Travels with Paddles

a sea kayaking journal

Axel Schoevers (Photo: A. de Krook) Name:
Axel Schoevers
Rijswijk, Zuid-Holland, Netherlands

Saturday, May 31, 2008

Jersey Surf

Today I went surfing together with Martin at St. Ouen's Bay, the big bay on the west coast of Jersey. Before the surf was up we paddled to Corbière Lighthouse at the south end of the bay. Back at the beach, lots of competition by board surfers. We found a quiet spot, with possibly the worst surf of the bay. But even here I had good long rides and the occasional thrashing. By four 'o-clock the beach was all but gone and ending against the promenade. A beautiful sunny day to end my stay in Jersey.
In 2010 there will be the 10th Jersey sea kayaking symposium. Thank you Kevin, Len and all of the Jersey Canoe Club for this great event. What's end of May 2009 then? The Jersey symposium alternates with the Scottish sea kayak symposium on Skye in Scotland.

Wednesday, May 28, 2008

Jersey Cliff Jumping

Monday was an interesting symposium day. I joined the half-day trip with Len and JR from L'Etacq. There was an unplanned rescue and some towing involved. Thus again for me a rescue day. The unexpected 'escape-route' ended at the beautiful Plemont cove, in the sun with a delicious ice-cream.
The afternoon was spent with Kevin paddling into caves and that special Jersey treat: cliff jumping. Two years ago I only dared to do a low jump into the Octopus pool. This year I dared to jump off the Rhino, the big one, at today's tide, a 10 meter high jump. The 'air-time' took longer than I thought it would; lots of adrenaline... I did not jump as elegantly as JR and Kevin can. The picture is of JR jumping off Rhino. Tuesday we went to the Écréhous, a groups of islands and rocks, six miles to the north-east of Jersey in good weather and smooth seas.

Monday, May 26, 2008

Rolling on...

I am in Jersey for the ninth Jersey sea kayaking symposium. Saturday and Sunday I have been doing rescue and rolling sessions. The water is still quite cold and with my dry-suit I was happy to volunteer as a swimmer. I had an interesting experience when doing a solo scramble re-entry. The lanyard that retains my camera to my buoyancy-aid got entangled around my hand pump that was fastened on my back-deck. I could not move anywhere than lie face down on the back-deck. It took me a few minutes to untangle. So that was the last thing that ever 'lived' on my back-deck. And I need to review all those lanyards that attach equipment to my PFD. I now moved the hand-pump to the front-deck. The only issue I have now is that I cannot store the hand-pump myself after use. The weather is a bit unsettled. Temperatures are really nice, but the weather forecast for tomorrow is quite unique. I have never before heard of the combination "Cyclonic Variable 5-7"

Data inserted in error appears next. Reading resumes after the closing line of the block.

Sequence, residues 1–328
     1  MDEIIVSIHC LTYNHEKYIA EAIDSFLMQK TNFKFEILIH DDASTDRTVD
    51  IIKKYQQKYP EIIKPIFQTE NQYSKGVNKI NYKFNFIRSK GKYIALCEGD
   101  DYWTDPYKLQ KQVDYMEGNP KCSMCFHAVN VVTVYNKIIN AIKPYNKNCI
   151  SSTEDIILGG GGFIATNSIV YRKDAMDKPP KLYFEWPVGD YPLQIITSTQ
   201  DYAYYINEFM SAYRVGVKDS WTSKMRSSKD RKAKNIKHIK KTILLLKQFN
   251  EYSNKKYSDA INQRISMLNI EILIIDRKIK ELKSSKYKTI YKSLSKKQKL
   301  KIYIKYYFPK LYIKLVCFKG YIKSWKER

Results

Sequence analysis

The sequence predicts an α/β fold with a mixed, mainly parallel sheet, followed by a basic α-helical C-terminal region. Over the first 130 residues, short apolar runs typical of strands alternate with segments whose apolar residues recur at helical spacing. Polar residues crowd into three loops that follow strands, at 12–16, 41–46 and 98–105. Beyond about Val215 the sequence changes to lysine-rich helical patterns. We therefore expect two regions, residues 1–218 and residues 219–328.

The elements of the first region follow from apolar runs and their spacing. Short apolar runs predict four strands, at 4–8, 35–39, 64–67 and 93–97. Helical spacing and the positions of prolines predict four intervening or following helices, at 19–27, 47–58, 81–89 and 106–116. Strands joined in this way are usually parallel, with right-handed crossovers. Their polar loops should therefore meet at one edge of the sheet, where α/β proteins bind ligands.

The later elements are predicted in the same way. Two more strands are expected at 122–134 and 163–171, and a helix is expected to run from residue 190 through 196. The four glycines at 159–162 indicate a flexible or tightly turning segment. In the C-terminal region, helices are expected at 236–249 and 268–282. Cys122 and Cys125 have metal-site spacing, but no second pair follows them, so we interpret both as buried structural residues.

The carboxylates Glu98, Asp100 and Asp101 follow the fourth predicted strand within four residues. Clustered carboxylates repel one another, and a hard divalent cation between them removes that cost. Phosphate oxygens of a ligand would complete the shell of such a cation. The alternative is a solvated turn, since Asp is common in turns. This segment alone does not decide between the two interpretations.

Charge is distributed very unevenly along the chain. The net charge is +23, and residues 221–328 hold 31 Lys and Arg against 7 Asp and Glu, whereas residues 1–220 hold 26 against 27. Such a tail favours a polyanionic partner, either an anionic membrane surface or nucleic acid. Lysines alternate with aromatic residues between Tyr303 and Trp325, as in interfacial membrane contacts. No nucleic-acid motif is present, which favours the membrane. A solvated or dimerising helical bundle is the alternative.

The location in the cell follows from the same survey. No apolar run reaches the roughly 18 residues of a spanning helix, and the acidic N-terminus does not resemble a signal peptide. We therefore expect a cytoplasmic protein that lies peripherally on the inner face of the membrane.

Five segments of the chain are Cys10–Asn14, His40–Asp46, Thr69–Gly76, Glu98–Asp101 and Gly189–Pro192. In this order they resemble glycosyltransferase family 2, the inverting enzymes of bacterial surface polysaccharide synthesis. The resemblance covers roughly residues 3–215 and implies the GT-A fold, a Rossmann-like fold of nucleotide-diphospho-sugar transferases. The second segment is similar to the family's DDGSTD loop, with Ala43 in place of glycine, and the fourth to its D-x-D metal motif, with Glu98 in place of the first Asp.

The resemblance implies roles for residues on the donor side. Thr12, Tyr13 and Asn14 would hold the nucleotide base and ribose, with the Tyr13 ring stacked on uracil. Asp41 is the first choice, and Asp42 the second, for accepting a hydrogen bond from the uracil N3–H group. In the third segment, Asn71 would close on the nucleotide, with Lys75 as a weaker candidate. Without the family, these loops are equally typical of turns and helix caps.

Wednesday, May 21, 2008

Sea of Flames revisited

I received an e-mail from Tue Olesen from Denmark announcing their circumnavigation of the Faroe Islands. Something familiar in their naming of their expedition blog... Last year a Dutch group paddled there and within 15 minutes of starting their trip and right out of Torshavn they found themselves already in-deep in a raging 'wild fire', that set the standard for their experience of the Faroe Islands. Paddling one of the most challenging and committing tidal coastlines in Europe, have a great trip you guys!

Monday, May 19, 2008

A Maiden Voyage